In William Shakespeare’s “Macbeth” the audience witness’s one man’s overriding ambitions to his iconic fall. Shakespeare makes a point of showing the deterioration of the Macbeth that entered the stage in Act 1 and the Macbeth that dies in act 7, showing that even the deep morality and honesty of a man like a man can worsen into a man who is willing to kill his own King – a deadly sin in Shakespeare’s 17th century. Throughout my piece I shall make unifying links between the adaptation directed by Mark Brozel and the original text wrote by none other than Shakespeare.
For the period of Act 1, Scene 2, Macbeth is hailed as the very heroic and brave “Worthy gentleman!” who “carved out his passage Till he faced the slave;” this suggests two points already, the fact that Macbeth is a graceful fighter who elegantly “carved” his way through the battle which also suggests that he is as much a perfectionist in the play as he is a cook in the adaptation. The perfection we see in the play is the perfection of murder, how he kills people so wonderfully and gracefully without any shame. Whereas the adaptation shows a more remorseful Macbeth, it pains him to kill animals inhumanely and uses a less murderous way when he has to, he cooks for perfection also, and before his breakdown at his restaurant he refuses to serve the food late when it was ready at the time, saying “you can’t keep perfection under the light”, only a perfectionist would inherit such a trait. Plus, he mentions that ”the first rule in the kitchen is respect”.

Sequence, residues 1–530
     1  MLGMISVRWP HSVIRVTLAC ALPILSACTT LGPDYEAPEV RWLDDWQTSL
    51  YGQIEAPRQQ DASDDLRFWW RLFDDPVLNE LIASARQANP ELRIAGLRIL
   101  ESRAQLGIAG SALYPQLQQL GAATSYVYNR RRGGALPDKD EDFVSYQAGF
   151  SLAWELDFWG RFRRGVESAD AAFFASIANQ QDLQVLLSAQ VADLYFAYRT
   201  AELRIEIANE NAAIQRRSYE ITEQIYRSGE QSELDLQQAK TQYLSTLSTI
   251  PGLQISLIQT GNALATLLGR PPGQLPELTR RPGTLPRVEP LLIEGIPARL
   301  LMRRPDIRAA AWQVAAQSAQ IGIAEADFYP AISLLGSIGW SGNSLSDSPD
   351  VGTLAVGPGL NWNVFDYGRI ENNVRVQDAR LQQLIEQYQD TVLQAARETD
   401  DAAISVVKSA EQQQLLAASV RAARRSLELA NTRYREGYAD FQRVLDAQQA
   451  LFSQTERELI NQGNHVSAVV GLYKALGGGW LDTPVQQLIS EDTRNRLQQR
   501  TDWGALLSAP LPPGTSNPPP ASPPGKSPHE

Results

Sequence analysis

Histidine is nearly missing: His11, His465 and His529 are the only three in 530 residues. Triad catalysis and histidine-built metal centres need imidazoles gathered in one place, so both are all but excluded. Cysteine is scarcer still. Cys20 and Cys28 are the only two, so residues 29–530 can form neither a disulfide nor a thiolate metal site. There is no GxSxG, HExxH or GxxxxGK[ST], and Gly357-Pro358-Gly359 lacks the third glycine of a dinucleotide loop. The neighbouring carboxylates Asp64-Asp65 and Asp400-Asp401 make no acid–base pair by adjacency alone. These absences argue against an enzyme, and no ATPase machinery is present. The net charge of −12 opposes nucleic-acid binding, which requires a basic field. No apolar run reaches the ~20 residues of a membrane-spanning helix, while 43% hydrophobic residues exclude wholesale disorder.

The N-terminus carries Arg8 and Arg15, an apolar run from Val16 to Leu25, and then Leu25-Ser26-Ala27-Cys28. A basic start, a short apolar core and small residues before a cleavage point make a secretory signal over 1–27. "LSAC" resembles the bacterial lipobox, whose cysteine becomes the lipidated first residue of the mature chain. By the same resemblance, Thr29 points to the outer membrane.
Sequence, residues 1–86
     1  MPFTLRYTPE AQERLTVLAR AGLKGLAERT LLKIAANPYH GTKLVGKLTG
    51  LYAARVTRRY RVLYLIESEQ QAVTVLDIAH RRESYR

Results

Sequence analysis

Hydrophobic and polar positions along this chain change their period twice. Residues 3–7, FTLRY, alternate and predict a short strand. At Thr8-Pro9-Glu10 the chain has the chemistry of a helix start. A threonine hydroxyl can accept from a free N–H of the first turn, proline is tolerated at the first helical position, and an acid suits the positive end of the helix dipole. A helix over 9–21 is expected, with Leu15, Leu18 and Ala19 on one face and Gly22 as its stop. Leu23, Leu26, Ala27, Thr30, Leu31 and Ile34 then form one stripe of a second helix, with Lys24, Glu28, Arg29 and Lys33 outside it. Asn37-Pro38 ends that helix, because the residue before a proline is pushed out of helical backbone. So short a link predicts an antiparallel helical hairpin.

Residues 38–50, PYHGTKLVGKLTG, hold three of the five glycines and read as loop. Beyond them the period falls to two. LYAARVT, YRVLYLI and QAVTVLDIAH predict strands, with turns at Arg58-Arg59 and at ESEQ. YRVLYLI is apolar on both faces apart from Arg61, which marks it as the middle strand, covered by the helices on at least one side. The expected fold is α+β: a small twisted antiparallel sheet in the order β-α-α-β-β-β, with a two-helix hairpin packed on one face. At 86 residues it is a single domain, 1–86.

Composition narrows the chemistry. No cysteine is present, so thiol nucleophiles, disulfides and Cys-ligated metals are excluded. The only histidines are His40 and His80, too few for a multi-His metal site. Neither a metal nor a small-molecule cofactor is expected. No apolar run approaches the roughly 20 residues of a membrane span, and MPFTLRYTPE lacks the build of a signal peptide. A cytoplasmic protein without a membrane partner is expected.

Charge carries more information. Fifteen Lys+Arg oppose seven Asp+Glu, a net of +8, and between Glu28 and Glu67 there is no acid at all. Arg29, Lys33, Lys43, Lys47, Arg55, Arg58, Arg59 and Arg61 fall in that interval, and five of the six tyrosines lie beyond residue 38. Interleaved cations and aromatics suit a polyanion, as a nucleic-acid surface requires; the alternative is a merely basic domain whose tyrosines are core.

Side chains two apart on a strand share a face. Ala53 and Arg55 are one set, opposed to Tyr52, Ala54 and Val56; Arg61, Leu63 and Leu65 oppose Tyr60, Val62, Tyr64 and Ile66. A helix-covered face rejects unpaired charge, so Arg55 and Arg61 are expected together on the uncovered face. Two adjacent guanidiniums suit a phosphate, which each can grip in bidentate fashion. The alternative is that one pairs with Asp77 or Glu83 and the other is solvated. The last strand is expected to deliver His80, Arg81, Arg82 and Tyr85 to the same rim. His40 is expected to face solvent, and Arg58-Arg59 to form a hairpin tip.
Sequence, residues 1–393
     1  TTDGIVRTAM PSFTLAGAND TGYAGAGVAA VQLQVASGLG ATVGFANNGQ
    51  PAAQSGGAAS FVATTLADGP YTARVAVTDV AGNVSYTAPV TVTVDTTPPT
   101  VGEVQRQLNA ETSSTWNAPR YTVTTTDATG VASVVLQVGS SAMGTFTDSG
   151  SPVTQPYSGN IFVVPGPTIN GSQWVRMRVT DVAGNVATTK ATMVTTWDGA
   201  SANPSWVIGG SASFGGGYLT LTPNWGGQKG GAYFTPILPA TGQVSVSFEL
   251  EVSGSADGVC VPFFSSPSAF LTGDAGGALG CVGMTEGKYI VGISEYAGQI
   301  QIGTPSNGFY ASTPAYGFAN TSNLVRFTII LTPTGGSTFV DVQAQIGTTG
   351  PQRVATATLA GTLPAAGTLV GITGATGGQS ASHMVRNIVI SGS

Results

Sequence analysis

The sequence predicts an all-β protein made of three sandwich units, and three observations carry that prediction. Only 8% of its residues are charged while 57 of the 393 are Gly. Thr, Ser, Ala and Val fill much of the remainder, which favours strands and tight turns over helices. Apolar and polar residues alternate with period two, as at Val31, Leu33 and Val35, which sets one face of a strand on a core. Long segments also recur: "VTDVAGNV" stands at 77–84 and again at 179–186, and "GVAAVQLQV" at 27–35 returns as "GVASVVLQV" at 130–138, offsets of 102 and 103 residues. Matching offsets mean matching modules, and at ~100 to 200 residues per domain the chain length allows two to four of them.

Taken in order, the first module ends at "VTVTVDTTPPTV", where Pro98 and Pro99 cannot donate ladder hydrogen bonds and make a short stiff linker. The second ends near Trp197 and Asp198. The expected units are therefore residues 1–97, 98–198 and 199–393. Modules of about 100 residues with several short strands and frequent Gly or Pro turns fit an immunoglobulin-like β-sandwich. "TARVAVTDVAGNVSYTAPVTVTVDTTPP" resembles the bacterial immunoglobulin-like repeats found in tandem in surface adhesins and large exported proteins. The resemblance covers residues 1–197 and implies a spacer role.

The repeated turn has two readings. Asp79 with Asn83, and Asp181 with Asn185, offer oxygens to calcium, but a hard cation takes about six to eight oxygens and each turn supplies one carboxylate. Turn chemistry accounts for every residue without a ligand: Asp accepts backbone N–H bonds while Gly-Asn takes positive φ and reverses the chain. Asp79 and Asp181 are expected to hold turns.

In Act 1 Scene 3, you begin to see Macbeth’s character really emerge. In the play Macbeth is intrigued by the witches, this highlights two point, he wants to know more “Stay, you imperfect speakers, tell me more” for the reason of asking more questions, because the idea has been proposed that he shall be king and Cawdor. However Joe Macbeth laughs at the idea of being the head chef at his Duncan’s restaurant, he finds it delusional and this is...
Please join StudyMode to read the full document